>> for CRC, but which have the same equal distribution and are much more
>> performant on modern OoO-CPUS. How did I do that ?
>>
>> These are the results on my Linux Ryzen 7 1800X:
>>
>> fnv streamed 32: : 0.964425 GB/s
>> fnv blocked 32: : 1.96624 GB/s 104%
>> fnv streamed 64: : 0.939418 GB/s
>> fnv blocked 64: : 3.11791 GB/s 232%
>> crc64: : 0.478093 GB/s
>> crc64 blocked: : 2.39144 GB/s 400%
>>
> Proprietary?

That's the improved "CRC64":

#include "crc64.h"

using namespace std;

uint64_t CRC64_ECMA182::operator ()( void const *p, size_t n, uint64_t
startCrc ) const
{
uint64_t crc = startCrc;
uint8_t const *s = (uint8_t *)p,
*end = s + n;
size_t t;
for( ; s != end; ++s )
t = (size_t)(crc >> 56) ^ *s,
crc = table.t[t] ^ (crc << 8);
return crc;
}

uint64_t CRC64_ECMA182::blocked( void const *p, size_t n, uint64_t
startCrc ) const
{
auto crc64_8x8 = []( uint8_t const *s ) -> uint64_t
{
uint64_t crcs[8] =
{
table.t[s[ 0]],
table.t[s[ 8]],
table.t[s[16]],
table.t[s[24]],
table.t[s[32]],
table.t[s[40]],
table.t[s[48]],
table.t[s[56]]
};
size_t t;
uint8_t const *end = ++s + 7;
do
t = (size_t)(crcs[0] >> 56) ^ s[ 0],
crcs[0] = table.t[t] ^ (crcs[0] << 8),
t = (size_t)(crcs[1] >> 56) ^ s[ 8],
crcs[1] = table.t[t] ^ (crcs[1] << 8),
t = (size_t)(crcs[2] >> 56) ^ s[16],
crcs[2] = table.t[t] ^ (crcs[2] << 8),
t = (size_t)(crcs[3] >> 56) ^ s[24],
crcs[3] = table.t[t] ^ (crcs[3] << 8),
t = (size_t)(crcs[4] >> 56) ^ s[32],
crcs[4] = table.t[t] ^ (crcs[4] << 8),
t = (size_t)(crcs[5] >> 56) ^ s[40],
crcs[5] = table.t[t] ^ (crcs[5] << 8),
t = (size_t)(crcs[6] >> 56) ^ s[48],
crcs[6] = table.t[t] ^ (crcs[6] << 8),
t = (size_t)(crcs[7] >> 56) ^ s[56],
crcs[7] = table.t[t] ^ (crcs[7] << 8);
while( ++s != end );
uint64_t crc = 0;
for( size_t i = 0; i != 8; ++i )
crc ^= crcs[i];
return crc;
};
uint8_t const *s = (uint8_t *)p;
uint64_t crc = startCrc;
for( uint8_t const *end = s + (n & -64); s != end; s += 64 )
crc ^= crc64_8x8( s );
crc ^= (*this)( s, n % 64, 0 );
return crc;
}

CRC64_ECMA182::crc64_table::crc64_table()
{
uint64_t const CRC64_ECMA182_POLY = 0x42F0E1EBA9EA3693u;
for( uint64_t i = 0; i != 256; ++i )
{
uint64_t crc = 0,
c = i << 56;
for( unsigned j = 0; j != 8; ++j )
crc = (int64_t)(crc ^ c) < 0 ? (crc << 1) ^ CRC64_ECMA182_POLY : crc
<< 1,
c <<= 1;
t[(size_t)i] = crc;
}
}

CRC64_ECMA182::crc64_table CRC64_ECMA182::table;

Why does it run faster ?

Branimir Maksimovic

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Oct 11, 2021, 2:29:14 AMOct 11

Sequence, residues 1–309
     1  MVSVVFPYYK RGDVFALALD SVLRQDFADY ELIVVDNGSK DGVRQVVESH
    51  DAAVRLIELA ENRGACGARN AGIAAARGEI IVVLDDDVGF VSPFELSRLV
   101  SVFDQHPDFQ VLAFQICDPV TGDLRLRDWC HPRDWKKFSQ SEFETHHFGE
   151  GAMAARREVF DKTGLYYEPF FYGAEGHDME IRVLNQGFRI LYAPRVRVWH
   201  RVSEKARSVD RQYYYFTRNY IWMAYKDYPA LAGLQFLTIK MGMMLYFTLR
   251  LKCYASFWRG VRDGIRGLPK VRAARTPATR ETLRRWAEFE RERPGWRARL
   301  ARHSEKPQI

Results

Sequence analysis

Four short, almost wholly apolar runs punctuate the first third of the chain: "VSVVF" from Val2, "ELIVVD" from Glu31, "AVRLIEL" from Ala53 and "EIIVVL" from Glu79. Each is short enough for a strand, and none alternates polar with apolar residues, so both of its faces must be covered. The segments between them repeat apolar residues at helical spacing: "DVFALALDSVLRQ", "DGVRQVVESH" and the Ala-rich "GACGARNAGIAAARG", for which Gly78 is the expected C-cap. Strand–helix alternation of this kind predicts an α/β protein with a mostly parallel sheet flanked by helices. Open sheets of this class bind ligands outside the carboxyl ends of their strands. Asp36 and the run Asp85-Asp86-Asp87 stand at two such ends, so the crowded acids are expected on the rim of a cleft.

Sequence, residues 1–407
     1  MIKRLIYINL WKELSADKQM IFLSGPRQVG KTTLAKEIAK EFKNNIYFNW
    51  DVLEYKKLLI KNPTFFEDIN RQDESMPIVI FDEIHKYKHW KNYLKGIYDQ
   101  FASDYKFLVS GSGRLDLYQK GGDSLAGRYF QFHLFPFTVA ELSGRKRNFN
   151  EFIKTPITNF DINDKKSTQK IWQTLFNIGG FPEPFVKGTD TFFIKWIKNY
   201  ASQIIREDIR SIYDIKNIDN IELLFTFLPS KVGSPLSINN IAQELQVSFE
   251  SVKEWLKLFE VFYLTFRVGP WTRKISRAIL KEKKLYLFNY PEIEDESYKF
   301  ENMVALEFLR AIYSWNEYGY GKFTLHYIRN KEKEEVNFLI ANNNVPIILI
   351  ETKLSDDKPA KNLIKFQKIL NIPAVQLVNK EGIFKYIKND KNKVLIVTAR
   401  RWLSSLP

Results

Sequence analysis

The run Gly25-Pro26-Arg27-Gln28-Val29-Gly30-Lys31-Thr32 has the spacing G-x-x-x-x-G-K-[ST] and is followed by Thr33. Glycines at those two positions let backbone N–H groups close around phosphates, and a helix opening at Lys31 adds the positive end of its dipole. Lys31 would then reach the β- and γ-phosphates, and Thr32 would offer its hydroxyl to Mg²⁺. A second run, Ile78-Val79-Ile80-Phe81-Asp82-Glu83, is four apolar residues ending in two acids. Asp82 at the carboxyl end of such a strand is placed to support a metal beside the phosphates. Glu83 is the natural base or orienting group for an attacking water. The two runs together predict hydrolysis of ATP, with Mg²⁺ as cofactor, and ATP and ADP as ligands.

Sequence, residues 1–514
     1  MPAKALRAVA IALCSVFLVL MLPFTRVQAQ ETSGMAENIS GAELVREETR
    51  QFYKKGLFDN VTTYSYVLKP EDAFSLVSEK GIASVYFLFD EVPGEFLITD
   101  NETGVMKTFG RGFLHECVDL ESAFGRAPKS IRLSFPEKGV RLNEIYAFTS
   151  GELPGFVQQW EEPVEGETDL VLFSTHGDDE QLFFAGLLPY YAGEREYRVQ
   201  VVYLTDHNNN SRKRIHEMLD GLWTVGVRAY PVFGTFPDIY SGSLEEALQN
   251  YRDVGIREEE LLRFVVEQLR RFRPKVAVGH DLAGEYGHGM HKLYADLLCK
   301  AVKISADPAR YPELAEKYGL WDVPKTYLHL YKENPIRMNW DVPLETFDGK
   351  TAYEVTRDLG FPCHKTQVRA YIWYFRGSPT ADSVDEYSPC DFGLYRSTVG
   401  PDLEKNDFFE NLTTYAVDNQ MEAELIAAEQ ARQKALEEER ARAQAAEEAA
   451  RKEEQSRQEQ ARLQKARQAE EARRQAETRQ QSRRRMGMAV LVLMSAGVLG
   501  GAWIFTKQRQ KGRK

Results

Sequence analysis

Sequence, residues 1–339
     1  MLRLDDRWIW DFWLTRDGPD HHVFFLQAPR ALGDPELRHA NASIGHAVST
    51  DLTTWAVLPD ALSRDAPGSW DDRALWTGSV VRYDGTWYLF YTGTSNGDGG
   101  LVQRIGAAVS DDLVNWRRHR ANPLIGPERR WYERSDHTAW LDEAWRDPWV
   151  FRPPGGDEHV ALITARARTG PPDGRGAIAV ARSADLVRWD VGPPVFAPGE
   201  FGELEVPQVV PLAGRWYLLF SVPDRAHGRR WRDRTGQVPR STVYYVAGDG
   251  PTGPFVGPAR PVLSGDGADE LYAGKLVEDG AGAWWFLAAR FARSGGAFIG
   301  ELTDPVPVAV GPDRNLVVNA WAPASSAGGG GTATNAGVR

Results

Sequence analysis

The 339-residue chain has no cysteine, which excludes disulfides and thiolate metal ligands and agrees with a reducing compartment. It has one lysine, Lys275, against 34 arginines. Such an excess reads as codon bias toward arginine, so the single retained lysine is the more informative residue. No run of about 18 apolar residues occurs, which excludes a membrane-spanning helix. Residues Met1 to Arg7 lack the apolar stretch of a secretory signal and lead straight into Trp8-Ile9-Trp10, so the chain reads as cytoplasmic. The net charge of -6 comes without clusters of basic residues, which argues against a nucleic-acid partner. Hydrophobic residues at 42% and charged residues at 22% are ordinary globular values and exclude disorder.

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Dunno, those hashing algos work much better if there is support
from hardware. But, of course faster, better :P

Branimir Maksimovic

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Oct 11, 2021, 2:32:34 AMOct 11
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On 2021-10-11, Bonita Montero <Bonita....@gmail.com> wrote:
Dunno, haven't have need to calculate crc64 yet :P
Better to generate table, don't waste time on generation :P

Bonita Montero

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Oct 11, 2021, 2:33:43 AMOct 11
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Am 11.10.2021 um 08:32 schrieb Branimir Maksimovic:

>> CRC64_ECMA182::crc64_table::crc64_table()
>> {
>> uint64_t const CRC64_ECMA182_POLY = 0x42F0E1EBA9EA3693u;
>> for( uint64_t i = 0; i != 256; ++i )
>> {
>> uint64_t crc = 0,
>> c = i << 56;
>> for( unsigned j = 0; j != 8; ++j )
>> crc = (int64_t)(crc ^ c) < 0 ? (crc << 1) ^ CRC64_ECMA182_POLY : crc
>> << 1,
>> c <<= 1;
>> t[(size_t)i] = crc;
>> }
>> }
>>
>> CRC64_ECMA182::crc64_table CRC64_ECMA182::table;
>>
>> Why does it run faster ?
> Dunno, haven't have need to calculate crc64 yet :P
> Better to generate table, don't waste time on generation :P

Eeeh, I'm using also a table as you can see from above.


Bonita Montero

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Oct 11, 2021, 2:35:07 AMOct 11
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There are only special SSE-instrucions for CRC32, but not for CRC64.

Branimir Maksimovic

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Oct 11, 2021, 3:47:09 AMOct 11
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On 2021-10-11, Bonita Montero <Bonita....@gmail.com> wrote:
What do you think about following:
https://github.com/intel/isa-l/tree/master/crc

Bonita Montero

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Oct 11, 2021, 4:53:39 AMOct 11
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Am 11.10.2021 um 09:46 schrieb Branimir Maksimovic:
> On 2021-10-11, Bonita Montero <Bonita....@gmail.com> wrote:
>> Am 11.10.2021 um 08:32 schrieb Branimir Maksimovic:
>>
>>>> CRC64_ECMA182::crc64_table::crc64_table()
>>>> {
>>>> uint64_t const CRC64_ECMA182_POLY = 0x42F0E1EBA9EA3693u;
>>>> for( uint64_t i = 0; i != 256; ++i )
>>>> {
>>>> uint64_t crc = 0,
>>>> c = i << 56;
>>>> for( unsigned j = 0; j != 8; ++j )